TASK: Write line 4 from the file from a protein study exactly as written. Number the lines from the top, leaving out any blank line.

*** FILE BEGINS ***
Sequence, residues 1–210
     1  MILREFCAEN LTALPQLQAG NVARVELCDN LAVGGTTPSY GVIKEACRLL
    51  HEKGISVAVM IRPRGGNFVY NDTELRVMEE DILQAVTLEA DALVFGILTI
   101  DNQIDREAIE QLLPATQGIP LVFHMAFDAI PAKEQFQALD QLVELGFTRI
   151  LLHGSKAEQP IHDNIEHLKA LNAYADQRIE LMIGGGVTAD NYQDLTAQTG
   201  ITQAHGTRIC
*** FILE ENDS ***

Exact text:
   101  DNQIDREAIE QLLPATQGIP LVFHMAFDAI PAKEQFQALD QLVELGFTRI